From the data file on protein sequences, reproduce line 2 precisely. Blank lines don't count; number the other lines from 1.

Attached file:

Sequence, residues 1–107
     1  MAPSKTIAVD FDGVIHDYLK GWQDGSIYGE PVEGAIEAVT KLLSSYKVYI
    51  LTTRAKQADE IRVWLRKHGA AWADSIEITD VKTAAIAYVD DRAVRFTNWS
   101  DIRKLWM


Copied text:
     1  MAPSKTIAVD FDGVIHDYLK GWQDGSIYGE PVEGAIEAVT KLLSSYKVYI